The origins of the Liberty Ship can be traced to a design proposed by the British in 1940. Seeking to replace wartime losses, the British placed contracts with US shipyards for 60 steamers of the Ocean class. These steamers were of a simple design and featured a single coal-fired 2,500 horsepower reciprocating steam engine. While the coal-fired reciprocating steam engine was obsolete, it was reliable and Britain possessed a large supply of coal. While the British ships were being constructed, the US Maritime Commission examined the design and made alterations to lessen coast and speed construction.
This revised design was classified EC2-S-C1 and featured oil-fired boilers. The most significant change was to replace much of the riveting with welded seams. A new practice, the use of welding decreased labor costs and required fewer skilled workers. Due to their plain looks, the Liberty Ships initially had a poor public image. To combat this, the Maritime Commission dubbed September 27, 1941, as "Liberty Fleet Day" and launched the first 14 vessels. In his speech at the launch ceremony, Pres. Franklin Roosevelt cited Patrick Henry's famed speech and stated that the ships would bring liberty to Europe.
In early 1941, the US Maritime Commission placed an order for 260 ships of the Liberty design. Of these, 60 were for Britain. With the implementation of the Lend-Lease Program in March, orders more than doubled. To meet the demands of this construction program, new yards were established on both coasts and in the Gulf of Mexico. Over the next four years, US shipyards would produce 2,751 Liberty Ships. The majority (1,552) of these came from new yards built on the West Coast and operated by Henry J. Kaiser. Best known for building the Bay Bridge and the Hoover Dam, Kaiser pioneered new shipbuilding techniques.
Operating four yards in Richmond, CA and three in the Northwest, Kaiser developed methods for prefabricating and mass producing Liberty Ships. Components were built all across the US and transported to shipyards where the vessels could be assembled in record time. During the war, a Liberty Ship could be built in a about two weeks at a Kaiser yard. In November 1942, one of Kaiser's Richmond yards built a Liberty Ship (Robert E. Peary) in 4 days, 15 hours, and 29 minutes as a publicity stunt. Nationally, the average construction time was 42 days and by 1943, three Liberty Ships were being completed each day.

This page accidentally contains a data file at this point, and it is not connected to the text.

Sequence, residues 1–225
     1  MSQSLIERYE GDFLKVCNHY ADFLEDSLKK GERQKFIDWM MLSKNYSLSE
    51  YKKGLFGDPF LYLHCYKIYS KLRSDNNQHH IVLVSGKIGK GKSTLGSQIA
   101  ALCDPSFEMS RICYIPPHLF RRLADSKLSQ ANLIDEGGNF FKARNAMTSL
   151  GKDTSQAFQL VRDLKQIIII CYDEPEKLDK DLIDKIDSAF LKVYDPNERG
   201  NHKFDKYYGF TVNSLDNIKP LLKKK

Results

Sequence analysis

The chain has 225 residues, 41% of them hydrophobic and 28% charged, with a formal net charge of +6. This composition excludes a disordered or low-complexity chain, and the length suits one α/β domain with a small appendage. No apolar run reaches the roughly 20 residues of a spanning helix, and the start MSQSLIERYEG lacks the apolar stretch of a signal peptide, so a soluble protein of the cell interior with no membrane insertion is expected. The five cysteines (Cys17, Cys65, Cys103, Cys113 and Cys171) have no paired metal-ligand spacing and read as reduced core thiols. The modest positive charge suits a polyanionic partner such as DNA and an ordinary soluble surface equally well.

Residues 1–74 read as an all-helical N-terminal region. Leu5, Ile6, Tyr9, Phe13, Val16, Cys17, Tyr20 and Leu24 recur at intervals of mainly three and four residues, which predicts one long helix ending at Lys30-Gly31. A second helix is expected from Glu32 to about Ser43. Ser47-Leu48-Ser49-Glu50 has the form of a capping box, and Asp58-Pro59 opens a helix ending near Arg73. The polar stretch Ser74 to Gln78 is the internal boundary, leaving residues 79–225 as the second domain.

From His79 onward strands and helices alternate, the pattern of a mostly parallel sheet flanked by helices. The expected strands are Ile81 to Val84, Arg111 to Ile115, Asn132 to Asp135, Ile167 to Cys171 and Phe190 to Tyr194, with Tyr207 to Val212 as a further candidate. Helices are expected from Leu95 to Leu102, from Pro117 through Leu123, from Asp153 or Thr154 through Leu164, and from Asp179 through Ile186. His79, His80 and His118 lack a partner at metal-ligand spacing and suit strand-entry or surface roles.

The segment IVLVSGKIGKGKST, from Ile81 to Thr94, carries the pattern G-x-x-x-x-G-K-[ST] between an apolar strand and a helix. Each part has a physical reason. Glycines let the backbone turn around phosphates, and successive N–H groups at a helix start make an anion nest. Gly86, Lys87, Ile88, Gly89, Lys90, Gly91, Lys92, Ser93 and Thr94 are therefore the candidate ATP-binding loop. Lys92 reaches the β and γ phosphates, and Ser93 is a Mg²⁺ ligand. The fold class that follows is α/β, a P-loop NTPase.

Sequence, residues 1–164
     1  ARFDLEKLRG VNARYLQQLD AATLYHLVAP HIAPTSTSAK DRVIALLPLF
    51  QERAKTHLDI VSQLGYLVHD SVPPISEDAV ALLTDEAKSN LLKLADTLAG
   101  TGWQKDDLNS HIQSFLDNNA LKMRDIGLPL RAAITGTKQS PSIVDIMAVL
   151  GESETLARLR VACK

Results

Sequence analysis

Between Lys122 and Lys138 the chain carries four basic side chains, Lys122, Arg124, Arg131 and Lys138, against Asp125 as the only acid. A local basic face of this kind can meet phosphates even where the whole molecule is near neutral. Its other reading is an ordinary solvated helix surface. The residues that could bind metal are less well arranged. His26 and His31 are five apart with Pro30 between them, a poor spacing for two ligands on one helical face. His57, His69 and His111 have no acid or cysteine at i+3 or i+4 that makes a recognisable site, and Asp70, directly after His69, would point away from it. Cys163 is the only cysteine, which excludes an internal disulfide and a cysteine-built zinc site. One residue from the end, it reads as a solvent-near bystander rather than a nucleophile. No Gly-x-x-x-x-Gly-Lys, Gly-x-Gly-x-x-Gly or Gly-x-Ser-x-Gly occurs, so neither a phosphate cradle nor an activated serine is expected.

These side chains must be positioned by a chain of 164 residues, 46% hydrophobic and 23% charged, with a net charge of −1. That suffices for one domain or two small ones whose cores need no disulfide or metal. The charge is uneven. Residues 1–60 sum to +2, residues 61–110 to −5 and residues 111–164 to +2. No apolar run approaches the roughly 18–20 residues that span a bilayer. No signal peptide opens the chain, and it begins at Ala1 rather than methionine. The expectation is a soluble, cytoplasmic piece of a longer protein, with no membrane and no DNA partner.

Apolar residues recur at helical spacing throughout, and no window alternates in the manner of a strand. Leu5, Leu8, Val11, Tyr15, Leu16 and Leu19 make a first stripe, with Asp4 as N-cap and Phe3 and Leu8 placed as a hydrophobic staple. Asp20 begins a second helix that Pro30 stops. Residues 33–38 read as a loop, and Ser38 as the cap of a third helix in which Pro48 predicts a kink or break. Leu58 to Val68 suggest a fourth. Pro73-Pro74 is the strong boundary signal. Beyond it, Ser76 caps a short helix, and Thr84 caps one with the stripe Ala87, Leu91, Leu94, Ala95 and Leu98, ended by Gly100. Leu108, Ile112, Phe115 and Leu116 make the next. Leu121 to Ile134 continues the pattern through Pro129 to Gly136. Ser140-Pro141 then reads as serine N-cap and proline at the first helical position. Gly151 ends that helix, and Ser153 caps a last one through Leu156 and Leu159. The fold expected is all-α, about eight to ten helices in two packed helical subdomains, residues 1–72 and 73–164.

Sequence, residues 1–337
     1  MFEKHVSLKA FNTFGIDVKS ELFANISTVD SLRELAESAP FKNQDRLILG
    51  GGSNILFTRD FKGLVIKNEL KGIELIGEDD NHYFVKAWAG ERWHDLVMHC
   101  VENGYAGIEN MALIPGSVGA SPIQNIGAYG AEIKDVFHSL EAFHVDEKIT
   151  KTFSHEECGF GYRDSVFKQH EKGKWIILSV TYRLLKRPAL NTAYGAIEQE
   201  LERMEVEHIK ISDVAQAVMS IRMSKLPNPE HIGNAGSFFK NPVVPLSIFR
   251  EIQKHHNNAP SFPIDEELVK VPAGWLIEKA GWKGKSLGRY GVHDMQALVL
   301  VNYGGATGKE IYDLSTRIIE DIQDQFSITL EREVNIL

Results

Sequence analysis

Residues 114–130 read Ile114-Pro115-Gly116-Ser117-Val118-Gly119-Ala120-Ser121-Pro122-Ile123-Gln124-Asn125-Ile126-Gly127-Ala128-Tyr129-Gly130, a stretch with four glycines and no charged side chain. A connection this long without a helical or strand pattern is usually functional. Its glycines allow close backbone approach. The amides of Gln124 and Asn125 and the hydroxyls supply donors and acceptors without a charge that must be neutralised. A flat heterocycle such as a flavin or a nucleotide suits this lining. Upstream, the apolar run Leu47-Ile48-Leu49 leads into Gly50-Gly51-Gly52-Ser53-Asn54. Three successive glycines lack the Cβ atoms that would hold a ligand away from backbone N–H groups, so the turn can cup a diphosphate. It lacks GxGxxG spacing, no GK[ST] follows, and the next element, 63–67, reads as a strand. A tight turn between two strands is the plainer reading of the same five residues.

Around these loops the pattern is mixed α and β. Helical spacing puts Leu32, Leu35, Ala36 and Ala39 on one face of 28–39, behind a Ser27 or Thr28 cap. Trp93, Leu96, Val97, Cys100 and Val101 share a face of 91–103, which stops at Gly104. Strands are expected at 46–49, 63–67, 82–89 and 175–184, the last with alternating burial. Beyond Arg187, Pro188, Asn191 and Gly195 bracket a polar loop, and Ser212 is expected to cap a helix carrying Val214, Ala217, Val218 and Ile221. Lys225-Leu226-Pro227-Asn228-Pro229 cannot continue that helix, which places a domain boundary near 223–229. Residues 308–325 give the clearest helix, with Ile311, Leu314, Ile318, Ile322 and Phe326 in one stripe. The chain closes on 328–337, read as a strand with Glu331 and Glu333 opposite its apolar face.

The speed at which Liberty Ships could be constructed allowed the US to build cargo vessels faster than German U-boats could sink them. This, along with Allied military successes against the U-boats, ensured that Britain and Allied forces in Europe remained well-supplied during World War II. Liberty Ships served in all theaters with distinction. Throughout the war, Liberty Ships were manned members of the US Merchant Marine, with gun crews provided by the US Naval Armed Guard. Among the notable achievements of the Liberty Ships was SS Stephen Hopkins sinking the German raider Stier on September 27, 1942.
Initially designed to last five years, many Liberty Ships continued to ply the seaways into the 1970s. In addition, many of the shipbuilding techniques employed in the Liberty program became standard practice across the industry and are still used today. While not glamorous, the Liberty Ship proved vital to the Allied war effort. The ability to build merchant shipping at a rate faster than it was lost, while maintaining a steady stream of supplies to the front was one of the keys to winning the war.
Liberty Ship Specifications:
- Displacement: 14,245 tons
- Length: 441 ft. 6 in.
- Beam: 56 ft. 10.75 in.
- Draft: 27 ft. 9.25 in.
- Propulsion: Two oil fired boilers, triple expansion steam engine, single screw, 2500 horsepower
- Speed: 11 knots
- Range: 11,000 miles
- Complement: 41
- Stern-mounted 4 in (102 mm) deck gun, variety of anti-aircraft armament
- Capacity: 9,140 tons
Liberty Ship Shipyards:
- Alabama Drydock and Shipbuilding, Mobile, Alabama
- Bethlehem-Fairfield Shipyard, Baltimore, Maryland
- California Shipbuilding Corp., Los Angeles, California
- Delta Shipbuilding Corp., New Orleans, Louisiana
- J. A. Jones, Panama City, Florida
- J. A. Jones, Brunswick, Georgia
- Kaiser Company, Vancouver, Washington
- Marinship, Sausalito, California
- New England Shipbuilding East Yard, South Portland, Maine
- New England Shipbuilding West Yard, South Portland, Maine
- North Carolina Shipbuilding Company, Wilmington, North Carolina
- Oregon Shipbuilding Corporation, Portland, Oregon
- Richmond Shipyards, Richmond, California